University Application Deadlines for the 2013 Spring Semester

We have assembled US university application deadlines for spring 2013 semester. Here are 99 universities with application deadlines from June to December for the Spring 2013 semester.

Deadlines for the Spring Semester

Universities with Deadlines in June

  1. University of Maryland, Baltimore County – 1-Jun
  2. University of South Florida, Tampa – 1-Jun
  3. Texas Tech University – 15-Jun

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Why 6 and 8 are Important Numbers for the New GRE Analytical Writing Section

Analytical Writing in the Revised GRE testThose numbers are important because they are part of the changes that make Analytical Writing (earlier called the Analytical Writing Measure) trickier and more demanding on the Revised General GRE,which was released in August last year.

So, what are the changes? Firstly as noted above, the essay section is now called just Analytical Writing (or AW for short). The ETS has been making changes in various aspects of the GRE test to make it more like the GMAT. This is one of them. The second is that the Issue Essay is now just for 30 minutes rather than 45 as earlier. This again, makes the GRE more like the GMAT.

But the ‘6’ and ‘8’ are part of a feature that is entirely unique to the Analytical Writing section of the Revised General GRE test. The numbers come in because now instead of one question type for the Issue Essay, you now have 6, and instead of one question type for the Argument Essay you now have 8. Each of the question types directs the test-taker to do or comment on something very specific relating to the given topic – and in their introductory material the ETS repeatedly states that test-takers should follow the specific directions given for the topic, so obviously it is important that you better know exactly what each question type demands and also how to meet the specific requirements.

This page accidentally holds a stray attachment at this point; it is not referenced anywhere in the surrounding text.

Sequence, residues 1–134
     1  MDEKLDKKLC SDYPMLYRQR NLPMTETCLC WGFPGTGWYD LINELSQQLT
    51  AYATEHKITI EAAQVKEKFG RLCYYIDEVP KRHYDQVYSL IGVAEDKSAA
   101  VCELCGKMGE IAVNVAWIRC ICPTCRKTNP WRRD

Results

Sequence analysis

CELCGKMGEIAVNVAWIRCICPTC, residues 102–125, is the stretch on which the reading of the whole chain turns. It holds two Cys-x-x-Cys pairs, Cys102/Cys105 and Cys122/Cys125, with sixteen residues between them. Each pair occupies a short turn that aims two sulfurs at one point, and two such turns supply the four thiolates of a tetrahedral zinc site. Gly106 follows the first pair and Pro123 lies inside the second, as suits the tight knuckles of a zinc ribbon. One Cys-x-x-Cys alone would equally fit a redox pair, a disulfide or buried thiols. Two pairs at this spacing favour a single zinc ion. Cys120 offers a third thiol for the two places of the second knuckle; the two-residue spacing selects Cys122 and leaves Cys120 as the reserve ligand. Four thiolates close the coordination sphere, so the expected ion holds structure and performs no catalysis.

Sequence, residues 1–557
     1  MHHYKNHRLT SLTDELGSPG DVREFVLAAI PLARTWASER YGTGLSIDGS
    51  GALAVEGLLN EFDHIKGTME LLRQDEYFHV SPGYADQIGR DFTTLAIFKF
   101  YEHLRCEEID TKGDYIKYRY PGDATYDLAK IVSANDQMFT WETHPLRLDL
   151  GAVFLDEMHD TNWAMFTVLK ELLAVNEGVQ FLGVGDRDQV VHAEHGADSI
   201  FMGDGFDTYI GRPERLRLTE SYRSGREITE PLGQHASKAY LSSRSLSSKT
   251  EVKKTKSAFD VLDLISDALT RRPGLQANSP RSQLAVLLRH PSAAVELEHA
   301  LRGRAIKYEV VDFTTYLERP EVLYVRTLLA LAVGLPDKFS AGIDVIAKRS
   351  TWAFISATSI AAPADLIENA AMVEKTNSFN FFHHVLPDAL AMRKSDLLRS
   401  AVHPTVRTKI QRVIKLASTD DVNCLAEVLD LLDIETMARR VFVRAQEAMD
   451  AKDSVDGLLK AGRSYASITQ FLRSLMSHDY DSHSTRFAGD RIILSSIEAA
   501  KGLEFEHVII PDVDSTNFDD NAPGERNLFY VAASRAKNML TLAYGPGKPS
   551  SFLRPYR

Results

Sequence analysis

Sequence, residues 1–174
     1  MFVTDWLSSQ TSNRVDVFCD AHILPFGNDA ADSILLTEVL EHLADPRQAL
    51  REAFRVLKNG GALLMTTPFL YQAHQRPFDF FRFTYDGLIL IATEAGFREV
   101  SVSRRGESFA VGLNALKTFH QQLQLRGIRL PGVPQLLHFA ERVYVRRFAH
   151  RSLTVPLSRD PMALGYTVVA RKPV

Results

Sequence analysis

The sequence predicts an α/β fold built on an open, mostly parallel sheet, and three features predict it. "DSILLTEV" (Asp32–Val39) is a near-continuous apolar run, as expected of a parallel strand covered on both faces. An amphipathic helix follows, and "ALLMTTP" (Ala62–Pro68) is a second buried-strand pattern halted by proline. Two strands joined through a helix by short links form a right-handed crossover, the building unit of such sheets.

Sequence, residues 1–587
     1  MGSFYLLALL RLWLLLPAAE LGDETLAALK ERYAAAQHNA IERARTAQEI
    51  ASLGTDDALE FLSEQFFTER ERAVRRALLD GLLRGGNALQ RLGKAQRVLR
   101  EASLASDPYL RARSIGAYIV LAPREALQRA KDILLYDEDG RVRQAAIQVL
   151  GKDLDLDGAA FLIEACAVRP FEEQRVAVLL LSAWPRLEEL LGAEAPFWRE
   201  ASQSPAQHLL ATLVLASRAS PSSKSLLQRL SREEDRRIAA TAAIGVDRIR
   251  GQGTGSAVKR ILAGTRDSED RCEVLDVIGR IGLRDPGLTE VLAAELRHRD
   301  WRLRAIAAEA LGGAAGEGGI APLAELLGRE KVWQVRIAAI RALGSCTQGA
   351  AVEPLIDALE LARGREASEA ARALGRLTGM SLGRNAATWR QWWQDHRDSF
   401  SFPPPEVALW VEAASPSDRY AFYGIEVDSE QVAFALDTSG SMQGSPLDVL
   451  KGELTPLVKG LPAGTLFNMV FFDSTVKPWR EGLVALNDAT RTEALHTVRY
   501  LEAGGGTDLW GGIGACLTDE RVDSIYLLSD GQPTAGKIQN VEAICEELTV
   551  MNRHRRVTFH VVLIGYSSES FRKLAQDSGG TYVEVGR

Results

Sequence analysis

To find out more official information about this from the ETS visit the following link:

http://www.ets.org/gre/revised_general/about/content/analytical_writing

For our perspective, wait for our upcoming blogs on the Issue and Argument Tasks. Till then, happy hunting as you check out the ETS’s requirements for the tweaked and tricky AW section!

Related Links

GRE Overview:

GRE Practical Details:

GRE Maths Tips
GRE Tips From Top-Scoring Students
TOEFL/IELTS

News Update: No Major Changes to US Visa Policy for Indian Students

Some good news from US policy holders: it’s now relatively easier to get US visas! Bad news: most of you obtaining US student visa for the very first time will not be benefited from the change. This policy change will most help those in the visa ‘renewals’ category. But unfortunately a large section of F1 Visa seekers are typically applying for the very first time.

US Student Visa

We are still reviewing the visa policy, however from the first look, it seems that not much has changed for students.

News Links:

http://www.hindustantimes.com/India-news/NewDelhi/New-US-norm-to-ease-visa-renewal/Article1-828883.aspx

http://timesofindia.indiatimes.com/articleshow/12361305.cms

Quantitative Reasoning Question Formats in the Revised General GRE Test: Get a Peek